- The Washington Times - Friday, December 30, 2005

LUANDA, Angola — Three years after the end of civil war, Angola is trying to lure foreign tourists to this country, where decades of fierce fighting littered the countryside with land mines, left much of it in ruins and decimated the exotic wildlife once abundant in lush national parks.

Angolan officials are encouraged by the success of other African destinations and undeterred by enormous problems left behind by war and a failed courtship with Marxism.

At least six new four- and five-star hotels are planned on land confiscated by the government and nestled between the Mediterranean-style colonnades, arches and faded pastels of the old colonial architecture and the miles of squalid slums that stretch to the horizon in this seaside capital.

Tourism is the world’s largest industry, and every year it pumps billions of dollars into some of the poorest countries in the world. It creates jobs; reduces poverty; and builds new roads, airports, hotels and hospitals.

“Of the 49 least developed countries, 46 of them now have tourism as the largest foreign exchange earner,” says Louis D’Amore, president and founder of the Vermont-based International Institute for Peace Through Tourism.

Last year, Kenya, with one of Africa’s most developed tourism industries, hosted about 600,000 tourists and pocketed $577 million, or about 12 percent of its gross domestic product. In the coming year, Kenya tourism ministry official Rebecca Nabutola says her country expects to attract 1 million to 1.6 million tourists.

“When tourism is thriving, we get better schools, better hospitals and better infrastructure. When tourism does well, so do our other industries,” Miss Nabutola says.

Some critics charge that in the rush to collect tourist dollars, indigenous cultures are changed forever or indigenous people are forced to move away from ancestral lands to make way for new hotels, restaurants, roads or airports.

Akaki Ayumu Jovino, Uganda’s minister of tourism and antiquities, deflects the criticisms with a soft laugh and a smile. Tourism, he says, means jobs, poverty reduction and a better life for all citizens.

“With proper planning, the people will not be exploited,” Mr. Jovino says. “In Uganda, 20 percent of all gate receipts go directly to local communities to spend on projects as they see fit.”

Last year, he says, Uganda hosted 512,000 tourists, up from almost zero in the 1970s and early ‘80s when the brutal rule of dictator Idi Amin frightened away all but the hardiest.

“It is becoming our number one foreign exchange earner,” he says. “Our studies also show that one tourist means eight jobs, not just in the tourism industry, but also in agriculture and all the support businesses.”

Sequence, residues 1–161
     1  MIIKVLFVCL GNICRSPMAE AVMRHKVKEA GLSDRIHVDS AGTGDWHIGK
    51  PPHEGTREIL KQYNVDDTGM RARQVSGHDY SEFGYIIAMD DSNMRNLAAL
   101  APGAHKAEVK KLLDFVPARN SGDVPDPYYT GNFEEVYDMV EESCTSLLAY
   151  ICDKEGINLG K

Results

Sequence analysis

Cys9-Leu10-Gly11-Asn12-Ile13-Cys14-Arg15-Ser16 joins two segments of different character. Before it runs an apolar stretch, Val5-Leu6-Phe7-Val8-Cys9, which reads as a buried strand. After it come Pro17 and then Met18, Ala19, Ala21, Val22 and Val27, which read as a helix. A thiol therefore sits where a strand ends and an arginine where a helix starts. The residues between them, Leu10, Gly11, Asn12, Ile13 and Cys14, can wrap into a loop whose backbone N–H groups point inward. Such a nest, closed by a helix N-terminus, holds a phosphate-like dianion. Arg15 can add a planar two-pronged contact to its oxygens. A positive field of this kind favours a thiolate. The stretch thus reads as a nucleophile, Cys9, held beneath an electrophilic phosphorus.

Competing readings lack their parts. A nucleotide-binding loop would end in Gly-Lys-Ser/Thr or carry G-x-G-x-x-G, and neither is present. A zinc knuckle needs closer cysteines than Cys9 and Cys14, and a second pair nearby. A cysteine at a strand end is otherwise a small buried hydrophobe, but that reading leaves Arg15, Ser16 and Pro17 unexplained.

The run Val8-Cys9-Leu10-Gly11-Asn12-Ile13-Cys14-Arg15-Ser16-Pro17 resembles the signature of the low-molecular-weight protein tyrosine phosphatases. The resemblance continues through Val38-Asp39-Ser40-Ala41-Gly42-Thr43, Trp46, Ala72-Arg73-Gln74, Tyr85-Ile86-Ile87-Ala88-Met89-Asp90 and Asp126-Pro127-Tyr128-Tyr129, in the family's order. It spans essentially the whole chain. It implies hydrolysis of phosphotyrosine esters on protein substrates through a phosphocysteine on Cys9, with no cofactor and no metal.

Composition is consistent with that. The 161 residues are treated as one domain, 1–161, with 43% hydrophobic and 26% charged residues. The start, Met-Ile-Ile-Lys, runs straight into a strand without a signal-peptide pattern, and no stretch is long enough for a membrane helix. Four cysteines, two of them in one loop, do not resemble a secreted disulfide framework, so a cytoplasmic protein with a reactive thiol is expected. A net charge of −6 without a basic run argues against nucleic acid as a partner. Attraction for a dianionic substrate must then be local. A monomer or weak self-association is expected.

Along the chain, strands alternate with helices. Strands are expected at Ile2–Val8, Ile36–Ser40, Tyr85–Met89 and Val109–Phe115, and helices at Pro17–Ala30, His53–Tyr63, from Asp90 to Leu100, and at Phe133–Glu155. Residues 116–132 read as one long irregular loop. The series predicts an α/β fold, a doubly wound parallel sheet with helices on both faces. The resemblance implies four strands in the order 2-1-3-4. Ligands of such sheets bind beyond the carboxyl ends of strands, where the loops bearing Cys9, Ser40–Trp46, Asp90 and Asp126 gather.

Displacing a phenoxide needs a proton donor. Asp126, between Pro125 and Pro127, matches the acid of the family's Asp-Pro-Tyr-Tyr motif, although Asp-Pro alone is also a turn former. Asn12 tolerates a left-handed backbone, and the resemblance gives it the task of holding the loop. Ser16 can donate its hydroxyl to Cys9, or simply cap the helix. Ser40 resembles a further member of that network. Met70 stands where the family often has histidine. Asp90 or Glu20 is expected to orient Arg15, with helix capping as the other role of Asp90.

Africa is the world’s poorest continent and, despite billions of dollars in aid, falls further behind the rest of the world every year.

It is no wonder that Angola, like many other developing countries, sees labor-intensive tourism as a relatively quick fix to many of its problems. Angola ranks 160th out of 177 countries on the U.N. Human Development Index, which measures poverty and the overall quality of life. All the countries below Angola are in Africa, and some, such as Tanzania, have much more developed tourism industries.

More than 5 million of Angola’s 13 million people live in Luanda, a city that was designed and has services for about 250,000. Most are unemployed and live without sanitation, running water or electricity in dusty, treeless, fetid slums of shabby unpainted shacks.

The International Council of Tourism Partners has begun a Mission Africa initiative to triple tourism income on the continent by 2015. ICTP President Geoffrey Lipman concedes, however, that the initiative will be a success only if it ultimately reduces poverty.

“It will have to deliver to local communities; it will have to meet sustainability criteria; it will have to meet international anti-corruption and fair-trade tests,” he says.

He adds that “there is no better potential of an export service that all the African countries can produce than tourism. It’s the one commodity they all have, and in some ways, the lack of development to date means that it’s a relatively unspoiled product, of the type that thoughtful travelers are seeking.”

Angola, for example, has a long, undeveloped Atlantic coastline, lush tropical forests, starkly beautiful mountains, dramatic waterfalls and exotic birds and other wildlife, even if the numbers were depleted by war.

“If managed carefully, tourism can make a huge contribution to the regeneration of the African continent,” Bene Maleka, an official with the Southern African Development Bank, said at a tourism symposium in Luanda sponsored by the U.S.-based African Travel Association.

Marlene Melton, president of African Ventures, a New York-based company that helps African countries promote tourism in America, says travel to the continent is hurt by the perception of it as a poor and dangerous place always caught up in wars, coups and famine.

“If there is a war in Sierra Leone, people think they can’t go anywhere in Africa,” Miss Melton says. “When there was a war in Sarajevo, people were still going to France, Spain and elsewhere in Europe because those countries advertised.”

Uganda’s Mr. Jovino, whose country recently started a million-dollar ad campaign, a pittance compared to the tourism budgets of major European destinations, says Africa does suffer from both the perception and the reality of violence, corruption and repression. Good media campaigns would help, he says, but they are too expensive.

“The challenge for Africa is not to sit back and lament,” Mr. Jovino says. “We wanted to give a new visibility to tourism in Africa, and we are succeeding.”

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